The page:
I’m on Steve-Time… W4HKL.
Remove the plastic cover on the battery.
This is the side we’ll pry up first.
The polarity is as follows:
Top battery lead : Negative
Bottom lead: Positive. You might want to pencil this in on the board somewhere to remind yourself later.
Let’s get this show on the road…
Use your fingers and the screwdriver… get it up far enough to get some angle cutters in.
Press the lower insulating pad back down if you can.
Yes, the bottom of the battery is the positive side.
I wondered why the TM-331 would retain memories most of the time yet sometimes lose them.
0.15 Volts… it should be around 3.0 Volts.
Time to prep the batter holder, etc.
This is more like it… and more likely to retain memory.
Making sure the battery will be insulated from everything.
Don’t tin these leads or you won’t be able to wind them around the battery holder terminals. After winding, I bend the pins down a little to reduce the footprint of the holder. This will have to fit inside the radio…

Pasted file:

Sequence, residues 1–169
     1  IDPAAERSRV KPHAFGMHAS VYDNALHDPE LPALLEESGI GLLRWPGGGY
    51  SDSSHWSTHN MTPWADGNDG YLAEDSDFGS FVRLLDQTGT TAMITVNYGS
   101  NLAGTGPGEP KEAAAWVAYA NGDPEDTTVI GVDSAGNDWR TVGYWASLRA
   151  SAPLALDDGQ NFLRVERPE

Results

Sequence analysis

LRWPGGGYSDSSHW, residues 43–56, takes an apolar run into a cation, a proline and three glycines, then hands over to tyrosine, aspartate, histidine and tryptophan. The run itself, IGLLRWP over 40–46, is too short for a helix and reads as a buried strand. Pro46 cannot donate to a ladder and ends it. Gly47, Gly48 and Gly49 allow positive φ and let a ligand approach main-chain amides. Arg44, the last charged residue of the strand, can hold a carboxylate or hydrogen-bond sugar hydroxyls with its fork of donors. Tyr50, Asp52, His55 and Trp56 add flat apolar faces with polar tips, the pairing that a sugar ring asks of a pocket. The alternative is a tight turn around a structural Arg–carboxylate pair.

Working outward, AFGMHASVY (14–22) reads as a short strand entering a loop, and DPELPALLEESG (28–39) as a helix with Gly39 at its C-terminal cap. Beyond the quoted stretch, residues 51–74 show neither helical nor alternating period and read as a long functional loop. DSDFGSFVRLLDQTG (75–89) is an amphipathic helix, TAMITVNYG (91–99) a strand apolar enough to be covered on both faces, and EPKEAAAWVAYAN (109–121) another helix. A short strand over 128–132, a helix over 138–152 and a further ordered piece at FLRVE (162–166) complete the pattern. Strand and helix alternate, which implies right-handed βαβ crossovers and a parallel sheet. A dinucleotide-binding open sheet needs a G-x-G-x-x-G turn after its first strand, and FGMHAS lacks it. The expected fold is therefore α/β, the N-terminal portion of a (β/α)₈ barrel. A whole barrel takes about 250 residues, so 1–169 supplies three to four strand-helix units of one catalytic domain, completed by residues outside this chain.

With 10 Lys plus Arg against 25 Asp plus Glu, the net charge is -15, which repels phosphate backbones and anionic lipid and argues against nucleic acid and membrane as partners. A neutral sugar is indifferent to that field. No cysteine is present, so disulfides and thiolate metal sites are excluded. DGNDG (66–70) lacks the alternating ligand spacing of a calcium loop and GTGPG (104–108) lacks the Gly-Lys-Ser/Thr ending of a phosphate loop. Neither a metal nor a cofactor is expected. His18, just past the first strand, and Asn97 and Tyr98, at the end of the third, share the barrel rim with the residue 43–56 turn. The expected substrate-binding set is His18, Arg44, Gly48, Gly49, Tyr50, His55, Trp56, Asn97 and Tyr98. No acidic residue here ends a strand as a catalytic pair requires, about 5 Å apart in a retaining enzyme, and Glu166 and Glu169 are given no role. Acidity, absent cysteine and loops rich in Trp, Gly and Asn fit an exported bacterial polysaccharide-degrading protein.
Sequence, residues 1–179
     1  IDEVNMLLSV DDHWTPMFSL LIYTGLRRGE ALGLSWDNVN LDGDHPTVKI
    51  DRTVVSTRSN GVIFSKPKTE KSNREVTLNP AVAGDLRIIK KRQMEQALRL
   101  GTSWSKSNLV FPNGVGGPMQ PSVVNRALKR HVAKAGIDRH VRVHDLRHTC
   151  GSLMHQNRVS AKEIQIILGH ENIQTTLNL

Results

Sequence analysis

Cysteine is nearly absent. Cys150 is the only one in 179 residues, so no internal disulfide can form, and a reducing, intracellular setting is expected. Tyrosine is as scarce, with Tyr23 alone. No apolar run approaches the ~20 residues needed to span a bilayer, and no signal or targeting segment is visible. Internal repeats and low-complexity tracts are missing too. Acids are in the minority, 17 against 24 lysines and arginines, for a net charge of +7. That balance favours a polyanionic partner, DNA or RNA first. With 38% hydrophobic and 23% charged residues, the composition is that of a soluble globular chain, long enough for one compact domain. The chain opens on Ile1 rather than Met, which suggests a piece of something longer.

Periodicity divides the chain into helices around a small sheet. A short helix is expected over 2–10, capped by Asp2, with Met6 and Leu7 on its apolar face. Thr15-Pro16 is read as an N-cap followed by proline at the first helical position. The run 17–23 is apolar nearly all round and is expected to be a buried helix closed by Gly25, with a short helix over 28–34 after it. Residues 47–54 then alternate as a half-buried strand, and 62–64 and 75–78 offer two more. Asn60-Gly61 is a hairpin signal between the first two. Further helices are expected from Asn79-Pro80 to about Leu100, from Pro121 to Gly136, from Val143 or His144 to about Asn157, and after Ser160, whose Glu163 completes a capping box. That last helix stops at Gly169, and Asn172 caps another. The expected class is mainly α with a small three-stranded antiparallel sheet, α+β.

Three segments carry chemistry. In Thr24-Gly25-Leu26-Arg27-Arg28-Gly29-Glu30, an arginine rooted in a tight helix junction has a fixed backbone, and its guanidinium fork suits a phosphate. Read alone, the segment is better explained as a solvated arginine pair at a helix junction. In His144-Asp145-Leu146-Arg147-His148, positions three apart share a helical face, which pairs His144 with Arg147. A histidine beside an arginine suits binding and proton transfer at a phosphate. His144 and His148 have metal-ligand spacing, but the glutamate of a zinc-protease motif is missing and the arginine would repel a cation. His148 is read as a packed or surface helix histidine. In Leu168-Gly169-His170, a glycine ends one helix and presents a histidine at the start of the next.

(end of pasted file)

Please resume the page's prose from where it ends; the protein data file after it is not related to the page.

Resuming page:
I tinned the ends here before crimping them inside the old battery tabs coming from the board.
Soldering to the crimped ends lends a lot more mechanical strength to the connection as well as a good electrical connection…
After you’ve heated the crimp… and also flowed a little more solder on the end of the tinned ends of the wire and up into the crimp… test your voltage on the board. It should be 3+ volts.
Now tape it all up.
Note that I bent the wire well away from the solder joint in order to get the cord going in the right direction.
Congratulations! You’re 10-20 minutes from being finished…
Work backward… and be careful. Don’t get in a hurry.
Routing the cables back into the RF section of the radio.
Don’t forget this green wire loop.
Again, I was lucky – the buttons were staying in place. If you’re are “squirrelly,” you may have to keep the faceplate tilted and bring the radio up to meet it.
Press all the button pads… make sure none are in a bind before proceeding.
You can tell if one’s stuck, etc..
Now for this little SOB… all I can say is take your time, work a little from one side and then the other…
and hold your mouth right.
Time to power up, enter a frequency, and give it a whirl.
Powering down, cutting off the power supply, and then seeing if the memory is retained.